It's good that you forgive,
You weren't always so kind.

I know you won't be able
To remember much about me, little one:
I didn't scold you, I didn't hold you,
I didn't take you to Communion.

You say--my country is sinful,
And I say--your country is godless.
If the blame were ours--
Everything could be redeemed and repaired.

Like a burden henceforth unnecessary,
The shadows of passion and songs vanished from
my memory.
The Most High ordered it--emptied--
To become a grim book of calamity.

And the body no longer commemorates
the anniversary of its grief.

Forgive me that I ignored the sun
And that I lived in sorrow.
Forgive, forgive, that I
Mistook too many others for you.

Some idler invented the idea
That there's something in the world called love.

Only heaven's blue is inexhaustible,
And the mercy of God.

You are like a sinner turning his eyes,
Before death, to the sweetest dream of paradise...

Tuesday, January 11, 2011

Drunks Aren't Always Drunk

Maxim Gorky's 1901 play, The Lower Depths, was an international success. Jean Renoir's 1936 film of the same name is one expression of the play's enduring power to inspire Leftist sentiment. Although Renoir's version of The Lower Depths transports scenes of misery from the banks of the Volga to the banks of a French river, and, according to the IMBD, turns an ensemble production into a star vehicle for its leading man, it's easy to see why socialists and socialist sympathizers were energized by the play's storyline, or at least its rich cast of characters.

In the film, a "comme-il-faut" aristocrat gambles his money away, but retains his serene dignity--demonstrating a stoic capacity to accept the results of that ultimate game of chance, life--even as he joins the ranks of the ruined denizens of a flophouse. Simultaneously, a professional thief encounters the baron in the very act of attempting to steal from the recently bankrupt gambler, and that encounter leads to mutual understanding and respect when the baron, bereft of butler and home, winds up living at the flophouse. Lower Depths is appealing for two reasons. First, the play gives sympathetic voice to a wide variety of men and women from the previously neglected social underclass, including beaten and overworked women, thieves, gamblers, workers, and drunks. Second, it offers an avenue for personal as well as social redemption, but without becoming Manichean or unrealistic, and without utterly dehumanizing all representatives of the upper classes.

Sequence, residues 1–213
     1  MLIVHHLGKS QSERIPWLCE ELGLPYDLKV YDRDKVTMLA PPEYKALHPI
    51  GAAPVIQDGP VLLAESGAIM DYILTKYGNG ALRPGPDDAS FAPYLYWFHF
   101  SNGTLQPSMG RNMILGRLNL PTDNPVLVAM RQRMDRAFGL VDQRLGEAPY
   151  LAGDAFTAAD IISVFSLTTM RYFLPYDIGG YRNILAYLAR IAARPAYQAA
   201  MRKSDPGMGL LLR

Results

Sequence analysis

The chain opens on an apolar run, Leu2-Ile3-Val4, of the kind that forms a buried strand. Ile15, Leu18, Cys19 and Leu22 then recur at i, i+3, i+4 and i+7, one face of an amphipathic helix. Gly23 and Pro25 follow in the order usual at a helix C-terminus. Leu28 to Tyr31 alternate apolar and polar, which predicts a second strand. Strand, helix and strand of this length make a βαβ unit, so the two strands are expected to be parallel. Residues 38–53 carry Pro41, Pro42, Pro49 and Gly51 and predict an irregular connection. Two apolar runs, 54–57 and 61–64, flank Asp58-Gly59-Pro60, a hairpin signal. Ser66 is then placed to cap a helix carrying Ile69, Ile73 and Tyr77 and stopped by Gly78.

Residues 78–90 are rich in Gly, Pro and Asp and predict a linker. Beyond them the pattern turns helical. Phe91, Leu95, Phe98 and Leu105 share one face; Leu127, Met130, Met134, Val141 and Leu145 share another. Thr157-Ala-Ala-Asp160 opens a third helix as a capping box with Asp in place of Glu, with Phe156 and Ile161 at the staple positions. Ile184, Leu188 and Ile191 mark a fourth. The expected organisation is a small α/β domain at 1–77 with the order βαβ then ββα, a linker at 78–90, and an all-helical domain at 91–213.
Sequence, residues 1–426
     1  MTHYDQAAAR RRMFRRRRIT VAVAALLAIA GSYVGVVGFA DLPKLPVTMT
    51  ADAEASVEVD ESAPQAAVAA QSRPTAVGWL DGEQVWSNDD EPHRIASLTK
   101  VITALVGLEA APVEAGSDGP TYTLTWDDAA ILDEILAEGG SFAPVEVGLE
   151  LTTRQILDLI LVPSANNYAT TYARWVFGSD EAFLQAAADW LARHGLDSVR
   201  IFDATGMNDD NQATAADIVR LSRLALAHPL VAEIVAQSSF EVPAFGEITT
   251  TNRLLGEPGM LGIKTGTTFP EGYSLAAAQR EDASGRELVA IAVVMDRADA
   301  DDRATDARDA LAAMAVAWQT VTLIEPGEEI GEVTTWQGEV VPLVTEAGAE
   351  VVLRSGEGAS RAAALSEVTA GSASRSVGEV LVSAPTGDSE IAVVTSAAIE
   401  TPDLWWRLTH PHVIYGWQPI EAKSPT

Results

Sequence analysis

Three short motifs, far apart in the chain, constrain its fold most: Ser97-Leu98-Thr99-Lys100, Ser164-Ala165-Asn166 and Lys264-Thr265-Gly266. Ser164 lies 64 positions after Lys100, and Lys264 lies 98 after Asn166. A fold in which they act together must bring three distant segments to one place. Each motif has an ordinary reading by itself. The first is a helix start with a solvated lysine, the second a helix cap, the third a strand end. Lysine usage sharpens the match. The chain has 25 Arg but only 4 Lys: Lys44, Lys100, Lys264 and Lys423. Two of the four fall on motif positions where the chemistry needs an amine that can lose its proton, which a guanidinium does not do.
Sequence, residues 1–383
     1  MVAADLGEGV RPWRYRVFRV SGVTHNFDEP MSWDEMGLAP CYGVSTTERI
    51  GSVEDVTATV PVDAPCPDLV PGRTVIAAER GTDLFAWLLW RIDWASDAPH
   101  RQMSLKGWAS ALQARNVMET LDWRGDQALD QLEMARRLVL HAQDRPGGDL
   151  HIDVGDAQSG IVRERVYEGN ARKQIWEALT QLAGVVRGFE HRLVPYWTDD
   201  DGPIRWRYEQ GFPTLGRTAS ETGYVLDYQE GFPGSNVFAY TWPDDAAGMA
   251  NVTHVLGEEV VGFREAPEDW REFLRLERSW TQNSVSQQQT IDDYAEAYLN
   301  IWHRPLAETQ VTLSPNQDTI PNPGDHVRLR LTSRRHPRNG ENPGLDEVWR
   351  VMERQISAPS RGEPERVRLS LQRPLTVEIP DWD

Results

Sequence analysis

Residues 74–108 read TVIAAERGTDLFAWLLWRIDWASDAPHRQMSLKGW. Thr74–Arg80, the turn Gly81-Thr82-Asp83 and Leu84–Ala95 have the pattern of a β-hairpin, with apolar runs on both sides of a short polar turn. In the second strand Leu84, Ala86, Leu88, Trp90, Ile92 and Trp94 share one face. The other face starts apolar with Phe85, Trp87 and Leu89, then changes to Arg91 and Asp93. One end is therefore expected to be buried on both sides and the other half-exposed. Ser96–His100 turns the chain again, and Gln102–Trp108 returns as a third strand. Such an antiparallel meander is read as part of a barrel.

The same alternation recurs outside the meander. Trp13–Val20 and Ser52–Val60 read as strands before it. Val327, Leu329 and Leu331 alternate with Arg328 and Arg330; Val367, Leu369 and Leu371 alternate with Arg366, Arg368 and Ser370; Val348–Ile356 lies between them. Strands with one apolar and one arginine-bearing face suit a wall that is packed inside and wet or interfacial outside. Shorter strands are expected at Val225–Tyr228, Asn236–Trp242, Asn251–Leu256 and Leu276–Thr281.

While Natasha, the heroine of the play, is victimized by a cruel and tyrannical adoptive father who exploits his lodgers lodgers, and the police and government inspector are clearly propping up an unjust social structure, Gorky's characters are complex: the landlord's cruel wife has redeeming values, and the social outcasts who are, ostensibly, the play's protagonists, have obvious and varied flaws and sins.

So how do the poor and disenfranchised achieve redemption? The answer isn't simple. Papel, the professional thief, is redeemed by the love of an innocent Natasha, by his violent defense of Natasha's honor and safety, and ultimately by physical escape from the city with Natasha by his side and the biblically significant forty coins in his pocket. The flophouse residents find it by participating in their first act of resistance against the social order, i.e., their participation in Papel's murderous attack on the landlord, and their willingness to publicly claim ownership of the avenging murder when the gendarmes arrives on the scene. The baron finds it by realizing real solidarity with people from lower social orders. Life is a game of chance after all, and it's only a strange twist of fate that leads some people to live lives of wealth and privilege, and others to live in squalid poverty and moral turpitude.

More darkly, the alcoholic actor achieves a more tragic form of redemption through suicide. Considering Hamlet's dilemma, this actor has set out at least to explore the "undiscovered country." But, as one character sadly observes in reference to the death of another flophouse resident: "Death is kind to the poor."

Redemption is also offered to the viewer or audience member. According to Gorky, liberation starts with sympathy for those who live in the "lower depths." "How," one character asks, "can we pity the dead when we don't even pity the living?" How indeed. One senses a profound humanizing tendency in Gorky's artistic vision. People are neither good nor evil; they are both, depending on the circumstances in which they find themselves. For even drunks "aren't always drunks," and even thieves "aren't always in prison."

Monday, January 10, 2011

Vertov's Perspective

Dziga Vertov was the quintessential Soviet artist, or would have been if the Communist Party didn't morph into the very antithesis of artistic expression when Stalin consolidated his grip on political power in the late 1920s and early 1930s. Vertov's Man with a Movie Camera, released in 1929, is an international masterpiece, much better, perhaps even much more important, than Eisenstein's more famous Battleship Potemkin example.

Man with a Movie Camera is relentlessly creative and equally intelligent. The film, edited by Vertov's wife according to the film historian who narrates Criterion's edition of the film, is the result of a marriage between sophisticated artistic theory and extremely capable technical experimentation. According to the director's introductory "inter-titles," Man with a Movie Camera is a film produced in opposition to theatrical aesthetics. As such, it purports to contain no plot, no set, and no actors.